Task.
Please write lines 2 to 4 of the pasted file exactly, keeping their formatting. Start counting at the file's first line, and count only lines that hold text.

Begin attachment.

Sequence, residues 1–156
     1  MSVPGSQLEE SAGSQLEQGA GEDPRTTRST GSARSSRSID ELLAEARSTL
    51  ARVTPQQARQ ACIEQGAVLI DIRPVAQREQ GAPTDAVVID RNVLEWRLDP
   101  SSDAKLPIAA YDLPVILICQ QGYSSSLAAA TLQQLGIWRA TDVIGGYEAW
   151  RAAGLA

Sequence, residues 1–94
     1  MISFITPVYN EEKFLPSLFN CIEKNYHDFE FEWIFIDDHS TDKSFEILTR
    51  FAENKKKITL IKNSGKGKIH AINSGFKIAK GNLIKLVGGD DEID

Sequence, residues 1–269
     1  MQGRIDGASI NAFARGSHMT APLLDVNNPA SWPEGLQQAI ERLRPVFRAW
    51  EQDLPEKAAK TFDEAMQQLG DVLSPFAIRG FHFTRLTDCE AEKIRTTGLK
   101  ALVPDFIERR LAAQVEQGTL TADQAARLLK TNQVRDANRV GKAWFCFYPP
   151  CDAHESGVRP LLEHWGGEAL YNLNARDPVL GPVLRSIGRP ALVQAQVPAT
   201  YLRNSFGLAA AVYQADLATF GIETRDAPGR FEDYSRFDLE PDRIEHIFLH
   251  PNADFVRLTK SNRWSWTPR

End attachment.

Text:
     1  MSVPGSQLEE SAGSQLEQGA GEDPRTTRST GSARSSRSID ELLAEARSTL
    51  ARVTPQQARQ ACIEQGAVLI DIRPVAQREQ GAPTDAVVID RNVLEWRLDP
   101  SSDAKLPIAA YDLPVILICQ QGYSSSLAAA TLQQLGIWRA TDVIGGYEAW